Tuesday, August 18, 2009

My Role as a Science Advocate

As a Physics Groupie and proponent of the Science Lifestyle, I always feel compelled to promote science and mathematics to most everyone I come in contact with. My role as science advocate is often a thankless task, but someone has got to do it!

A good example of my efforts surfaced the other evening as I dined with two dear old friends, Cary and his wife Sherry. It was a bon voyage dinner, the day before they were to wing their way to the Big Island of Hawaii on holiday. They had never been to the Big Island before and we were chatting about fascinating things to do during their stay. Of course I brought up visiting Mauna Kea and the international collection of world-class telescopes as a great thing to do. Cary responded very favorably and told me he had already checked into the tour company and schedules. I was pleased with the prospect that my friend even considered a science destination while on a tropical vacation. I emphasized how great it is to take the telescope tour and how much I enjoyed it when I went. He was all set to go with the other family members they were meeting in Hawaii, alas the group included a 9 year old child, and children under the age of 13 are not allowed due to increased incidence of high-altitude problems – too bad because this kind of family outing would be perfect for a child to get her science bearings in life.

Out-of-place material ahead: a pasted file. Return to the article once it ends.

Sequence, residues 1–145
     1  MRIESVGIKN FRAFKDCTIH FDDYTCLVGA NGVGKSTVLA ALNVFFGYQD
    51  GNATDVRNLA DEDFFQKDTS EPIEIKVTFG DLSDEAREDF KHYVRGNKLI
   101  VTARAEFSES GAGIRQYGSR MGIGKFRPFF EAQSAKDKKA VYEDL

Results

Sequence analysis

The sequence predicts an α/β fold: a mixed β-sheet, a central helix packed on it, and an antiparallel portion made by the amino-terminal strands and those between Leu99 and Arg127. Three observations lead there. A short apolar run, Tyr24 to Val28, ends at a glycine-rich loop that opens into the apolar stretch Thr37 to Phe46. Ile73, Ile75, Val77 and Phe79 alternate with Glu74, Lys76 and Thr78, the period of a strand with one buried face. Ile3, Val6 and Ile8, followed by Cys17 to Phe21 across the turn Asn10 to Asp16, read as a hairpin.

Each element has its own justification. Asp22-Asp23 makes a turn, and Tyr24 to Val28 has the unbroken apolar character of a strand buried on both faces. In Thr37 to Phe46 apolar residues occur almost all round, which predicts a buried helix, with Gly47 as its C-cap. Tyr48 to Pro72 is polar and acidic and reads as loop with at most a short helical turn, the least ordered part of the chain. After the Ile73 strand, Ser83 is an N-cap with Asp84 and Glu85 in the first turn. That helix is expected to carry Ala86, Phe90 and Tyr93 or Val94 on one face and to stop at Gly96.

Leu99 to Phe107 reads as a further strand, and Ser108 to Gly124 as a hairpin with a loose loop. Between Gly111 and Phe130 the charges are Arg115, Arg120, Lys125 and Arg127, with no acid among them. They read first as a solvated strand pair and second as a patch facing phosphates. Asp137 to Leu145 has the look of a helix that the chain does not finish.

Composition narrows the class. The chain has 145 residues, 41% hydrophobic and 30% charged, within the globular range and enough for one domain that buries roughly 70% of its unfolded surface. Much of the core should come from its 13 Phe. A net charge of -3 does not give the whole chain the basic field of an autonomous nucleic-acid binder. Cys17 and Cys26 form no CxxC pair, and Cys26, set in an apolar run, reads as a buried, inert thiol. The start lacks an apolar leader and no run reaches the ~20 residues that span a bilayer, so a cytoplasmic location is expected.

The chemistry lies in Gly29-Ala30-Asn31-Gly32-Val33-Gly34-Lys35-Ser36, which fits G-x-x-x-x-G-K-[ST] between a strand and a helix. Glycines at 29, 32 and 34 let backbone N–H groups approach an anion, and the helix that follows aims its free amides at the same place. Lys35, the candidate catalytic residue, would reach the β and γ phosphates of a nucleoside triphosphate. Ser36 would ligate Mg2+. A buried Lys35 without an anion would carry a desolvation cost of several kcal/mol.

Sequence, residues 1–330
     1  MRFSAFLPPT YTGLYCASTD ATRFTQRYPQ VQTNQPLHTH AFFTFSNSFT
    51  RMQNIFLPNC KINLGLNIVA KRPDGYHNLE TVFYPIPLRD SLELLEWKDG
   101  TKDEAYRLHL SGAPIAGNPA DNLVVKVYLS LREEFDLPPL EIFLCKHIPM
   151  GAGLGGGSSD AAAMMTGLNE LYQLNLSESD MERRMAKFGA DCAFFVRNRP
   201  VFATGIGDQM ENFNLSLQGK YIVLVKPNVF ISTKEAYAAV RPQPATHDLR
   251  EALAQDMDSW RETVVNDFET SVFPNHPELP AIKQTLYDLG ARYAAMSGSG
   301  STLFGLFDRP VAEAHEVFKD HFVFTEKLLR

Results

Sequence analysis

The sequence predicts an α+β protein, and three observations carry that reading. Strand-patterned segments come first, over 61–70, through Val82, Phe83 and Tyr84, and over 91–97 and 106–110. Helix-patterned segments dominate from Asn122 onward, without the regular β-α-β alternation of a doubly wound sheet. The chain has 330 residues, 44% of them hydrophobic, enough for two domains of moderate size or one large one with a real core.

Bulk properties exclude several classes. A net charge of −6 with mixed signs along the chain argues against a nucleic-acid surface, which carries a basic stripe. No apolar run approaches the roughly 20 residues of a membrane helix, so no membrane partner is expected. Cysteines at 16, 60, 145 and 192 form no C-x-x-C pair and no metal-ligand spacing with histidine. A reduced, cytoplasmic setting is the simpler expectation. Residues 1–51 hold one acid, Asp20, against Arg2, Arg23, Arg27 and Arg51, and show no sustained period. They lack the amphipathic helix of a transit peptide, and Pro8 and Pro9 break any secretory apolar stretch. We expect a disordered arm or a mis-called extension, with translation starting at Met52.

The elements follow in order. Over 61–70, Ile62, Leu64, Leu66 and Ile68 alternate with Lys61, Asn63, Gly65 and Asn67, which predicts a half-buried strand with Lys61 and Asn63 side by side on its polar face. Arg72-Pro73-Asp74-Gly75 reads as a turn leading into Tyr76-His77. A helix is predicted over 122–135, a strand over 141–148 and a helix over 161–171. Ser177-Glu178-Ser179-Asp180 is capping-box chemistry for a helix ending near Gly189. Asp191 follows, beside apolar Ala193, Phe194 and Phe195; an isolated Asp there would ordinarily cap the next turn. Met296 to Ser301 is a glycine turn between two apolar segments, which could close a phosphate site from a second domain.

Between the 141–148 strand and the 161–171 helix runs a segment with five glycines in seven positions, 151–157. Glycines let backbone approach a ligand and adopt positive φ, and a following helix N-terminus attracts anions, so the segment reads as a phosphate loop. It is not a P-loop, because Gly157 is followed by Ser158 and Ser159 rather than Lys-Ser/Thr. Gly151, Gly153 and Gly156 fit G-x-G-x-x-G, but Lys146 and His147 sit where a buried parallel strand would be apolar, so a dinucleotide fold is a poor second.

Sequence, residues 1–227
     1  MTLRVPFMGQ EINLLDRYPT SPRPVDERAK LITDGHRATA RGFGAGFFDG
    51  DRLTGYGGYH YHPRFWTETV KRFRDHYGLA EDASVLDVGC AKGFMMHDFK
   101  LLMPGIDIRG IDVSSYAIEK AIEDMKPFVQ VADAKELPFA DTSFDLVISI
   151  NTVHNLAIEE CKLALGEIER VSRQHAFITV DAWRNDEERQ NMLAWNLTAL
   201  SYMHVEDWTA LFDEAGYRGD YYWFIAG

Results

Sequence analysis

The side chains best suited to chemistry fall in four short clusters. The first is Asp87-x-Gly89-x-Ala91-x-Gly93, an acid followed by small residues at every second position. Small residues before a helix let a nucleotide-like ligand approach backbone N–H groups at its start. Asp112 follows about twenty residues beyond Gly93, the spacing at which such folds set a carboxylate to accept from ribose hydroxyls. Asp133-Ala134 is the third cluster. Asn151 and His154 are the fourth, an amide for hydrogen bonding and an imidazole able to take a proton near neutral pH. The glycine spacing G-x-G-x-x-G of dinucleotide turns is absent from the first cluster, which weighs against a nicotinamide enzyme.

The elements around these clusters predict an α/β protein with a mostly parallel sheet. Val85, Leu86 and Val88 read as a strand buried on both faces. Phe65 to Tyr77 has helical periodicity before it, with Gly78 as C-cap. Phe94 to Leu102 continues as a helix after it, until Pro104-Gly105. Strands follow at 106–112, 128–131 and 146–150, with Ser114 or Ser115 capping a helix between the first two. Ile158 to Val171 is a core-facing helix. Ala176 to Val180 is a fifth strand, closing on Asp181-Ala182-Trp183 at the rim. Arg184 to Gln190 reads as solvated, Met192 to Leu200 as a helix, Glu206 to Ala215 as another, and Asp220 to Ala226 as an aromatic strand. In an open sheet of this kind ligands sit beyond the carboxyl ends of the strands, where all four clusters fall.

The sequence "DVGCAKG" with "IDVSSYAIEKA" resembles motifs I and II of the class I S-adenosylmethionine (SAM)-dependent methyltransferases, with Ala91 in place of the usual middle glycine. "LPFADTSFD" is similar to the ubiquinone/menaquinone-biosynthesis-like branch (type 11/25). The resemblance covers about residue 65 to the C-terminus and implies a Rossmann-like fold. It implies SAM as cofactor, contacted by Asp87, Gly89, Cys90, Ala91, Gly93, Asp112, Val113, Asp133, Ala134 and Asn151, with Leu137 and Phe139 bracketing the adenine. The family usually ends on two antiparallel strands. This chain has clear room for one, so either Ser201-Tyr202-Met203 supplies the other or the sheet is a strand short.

I pressed on as a science advocate. I recounted to Cary that I had taken the trip up to Mauna Kea solo and it was a very enjoyable experience because you are with many likeminded people, all with a love for science. If he was interested, going alone shouldn’t be a limiting factor. He said he’d consider it. I hope he does because going up to Mauna Kea is an experience of a lifetime, never to be forgotten. Besides, it is a shame to be on the Big Island and not take in one of the most distinctive characteristics of the island, a scientific facility no-less.

My science advocacy has been with me for a long time. I routinely advance interest in science and mathematics whenever possible, which usually means whenever anyone will listen. I especially try my best with children. When I meet up with friends who are parents, I give tips about science events around town. I always ask parents what their child’s favorite subject is at school, hoping to hear math or science. I always try to steer kids to the possibility of a science career; a research scientist might not sound too glamorous to a young person, but maybe an astronaut!

It is pretty obvious that advocacy for a life of science is the overriding reason for the Science Lifestyle blog, and I’m hoping to spawn many other advocates through my tales of science adventure. If I’m responsible for just a few people picking up a science book, or attending a public star party, or taking their kids to the observatory, or deciding to major in a science field in college, I will feel my efforts are worthwhile.

Advocatus Scientia!

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